Rep. Jim Gerlach (R)
Elected: 2002, 4th term.
Born: Feb. 25, 1955, Ellwood City .
Home: Chester Springs.
Education: Dickinson Col., B.A. 1977, J.D. 1980.
Family: Married (Karen); 6 children.
Elected office: PA House of Reps., 1990-94; PA Senate, 1994-2002.
Professional Career: Practicing atty., 1980-2002.
The congressman from the 6th District is Jim Gerlach, a Republican elected in 2002. He grew up in Ellwood City, Penn., midway between Pittsburgh and Youngstown, Ohio. He graduated from Dickinson College and its law school, just west of Harrisburg. He continued moving east, settled in Chester County and practiced law. He was elected to the state House in 1990 and to the state Senate in 1994. When Republicans in 2002 created a new district in suburban Philadelphia, Gerlach was the obvious intended beneficiary. He had spirited competition from Democrat Dan Wofford, a former adviser to Democratic Gov. Robert Casey. Wofford had not previously run for office, but his name was well known; his father, Harris Wofford, was elected to the Senate in a 1991 special election. Gerlach ran on his legislative accomplishments, including votes to expand Pennsylvania’s prescription drug program for low-income seniors. Wofford attacked Gerlach as a career politician. They disagreed on abortion and Medicare. Polls showed the race close, and national Republicans spent more than $1.5 million on ads for Gerlach. The outcome was not clear until the early morning hours. Gerlach won 51%-49%.
|Jim Gerlach (R)||179,423||(52%)||($2,310,342)|
|Bob Roggio (D)||164,952||(48%)||($663,236)|
|Jim Gerlach (R)||Unopposed|
Prior Winning Percentages: 2006 (51%), 2004 (51%), 2002 (51%)
In the House, Gerlach’s voting record is mostly moderate though more conservative on foreign policy. He was a strong supporter of Bush-era tax cuts and eliminating the marriage penalty in the tax code, but he opposed the Bush administration’s proposal to create personal retirement accounts in Social Security.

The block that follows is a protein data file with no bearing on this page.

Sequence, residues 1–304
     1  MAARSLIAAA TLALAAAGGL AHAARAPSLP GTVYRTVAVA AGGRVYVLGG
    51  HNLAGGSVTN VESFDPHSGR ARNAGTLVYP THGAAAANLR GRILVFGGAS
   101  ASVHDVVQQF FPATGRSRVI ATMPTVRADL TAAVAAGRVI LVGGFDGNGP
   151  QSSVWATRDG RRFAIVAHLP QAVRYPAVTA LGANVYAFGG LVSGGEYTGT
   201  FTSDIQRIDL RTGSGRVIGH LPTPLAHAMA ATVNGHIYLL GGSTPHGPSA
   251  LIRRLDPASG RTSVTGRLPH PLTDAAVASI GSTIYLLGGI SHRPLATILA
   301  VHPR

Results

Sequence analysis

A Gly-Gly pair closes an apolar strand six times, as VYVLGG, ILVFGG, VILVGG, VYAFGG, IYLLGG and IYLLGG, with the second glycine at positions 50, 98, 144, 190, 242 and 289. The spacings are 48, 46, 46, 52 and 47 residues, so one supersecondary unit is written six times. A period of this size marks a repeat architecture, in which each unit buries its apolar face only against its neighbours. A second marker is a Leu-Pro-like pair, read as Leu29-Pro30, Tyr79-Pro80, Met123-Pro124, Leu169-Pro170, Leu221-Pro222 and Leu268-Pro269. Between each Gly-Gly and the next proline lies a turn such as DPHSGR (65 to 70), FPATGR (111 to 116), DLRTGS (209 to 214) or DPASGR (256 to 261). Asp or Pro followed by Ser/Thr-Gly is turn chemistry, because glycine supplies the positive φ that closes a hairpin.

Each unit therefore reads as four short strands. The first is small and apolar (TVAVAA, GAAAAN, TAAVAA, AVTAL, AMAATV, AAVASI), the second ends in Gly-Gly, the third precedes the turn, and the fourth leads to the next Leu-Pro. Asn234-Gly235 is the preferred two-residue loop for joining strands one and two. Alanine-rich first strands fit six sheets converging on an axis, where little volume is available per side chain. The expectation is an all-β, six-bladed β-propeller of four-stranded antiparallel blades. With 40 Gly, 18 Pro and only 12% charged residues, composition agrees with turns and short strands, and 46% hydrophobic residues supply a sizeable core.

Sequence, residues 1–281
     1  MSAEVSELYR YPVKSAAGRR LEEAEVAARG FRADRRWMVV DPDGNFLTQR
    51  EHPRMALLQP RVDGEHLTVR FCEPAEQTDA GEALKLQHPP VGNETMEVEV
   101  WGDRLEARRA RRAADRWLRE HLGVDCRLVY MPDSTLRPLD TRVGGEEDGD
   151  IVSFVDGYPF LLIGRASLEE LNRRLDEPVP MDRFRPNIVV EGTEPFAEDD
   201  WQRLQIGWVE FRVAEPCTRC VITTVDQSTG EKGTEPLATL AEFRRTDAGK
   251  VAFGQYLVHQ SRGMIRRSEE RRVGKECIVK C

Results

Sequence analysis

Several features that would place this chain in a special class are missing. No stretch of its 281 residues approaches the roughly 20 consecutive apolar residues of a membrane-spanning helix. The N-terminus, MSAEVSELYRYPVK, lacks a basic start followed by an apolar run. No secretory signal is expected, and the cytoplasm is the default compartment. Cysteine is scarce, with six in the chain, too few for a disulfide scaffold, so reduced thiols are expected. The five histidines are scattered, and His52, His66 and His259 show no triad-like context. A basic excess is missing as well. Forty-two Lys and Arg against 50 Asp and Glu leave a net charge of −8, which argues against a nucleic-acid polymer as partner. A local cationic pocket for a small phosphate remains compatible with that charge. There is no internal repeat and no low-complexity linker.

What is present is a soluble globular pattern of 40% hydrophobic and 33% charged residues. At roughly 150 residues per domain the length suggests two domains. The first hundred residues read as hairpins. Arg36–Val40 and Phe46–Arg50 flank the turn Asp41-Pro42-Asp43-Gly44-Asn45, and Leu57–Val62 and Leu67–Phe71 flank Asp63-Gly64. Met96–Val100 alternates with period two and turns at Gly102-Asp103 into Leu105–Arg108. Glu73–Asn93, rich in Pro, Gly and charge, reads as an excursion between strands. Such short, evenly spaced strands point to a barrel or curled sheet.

In October 2005, his late vote helped Republican leaders to win narrow passage of a bill to facilitate construction of new oil refineries. When anti-war activists targeted his support for Bush’s troop surge in Iraq in 2007, Gerlach said that the Democrats’ withdrawal timetable sent the wrong message to enemies. In 2009, he termed President Barack Obama’s $787 billion economic stimulus bill “massive, wasteful government spending,” and he called for Pennsylvania to create a bipartisan oversight board to monitor the state’s share of the money. But Gerlach bucked his party in 2007 by supporting a Democratic plan to expand the State Children’s Health Insurance Program. In April 2005, the House passed his bill to improve access to services for non-members, as well as members, of federal credit unions.
Gerlach has been a prime Democratic target in recent elections. In 2004, he faced Democratic attorney Lois Murphy, who managed Rendell’s 2002 campaign in Montgomery County. A former staffer for NARAL ProChoice America, she received strong support from the women’s fundraising group EMILY’s List and criticized Gerlach for a lack of leadership in Congress. The well-financed Murphy made it an unexpectedly close contest, but Gerlach won, again by 51%-49%. Two years later, Murphy ran again with strong encouragement from EMILY’s List and the Democratic Congressional Campaign Committee. She was better-known and the issues were similar, but the campaign rhetoric was harsher. Gerlach may have benefited from more aggressive attacks by his campaign on alleged inconsistencies in Murphy’s agenda. And he accused her of supporting a tax increase on the wealthy. For the third consecutive election, Gerlach won by 51%-49%. In 2008, Gerlach had a more than 3-to-1 fundraising advantage over Democrat Robert Roggio, a retired corporate executive. But he still managed only a 52%-48% win. Republicans could be hard-pressed to hold this district now that Gerlach has announced plans to run for governor in 2010.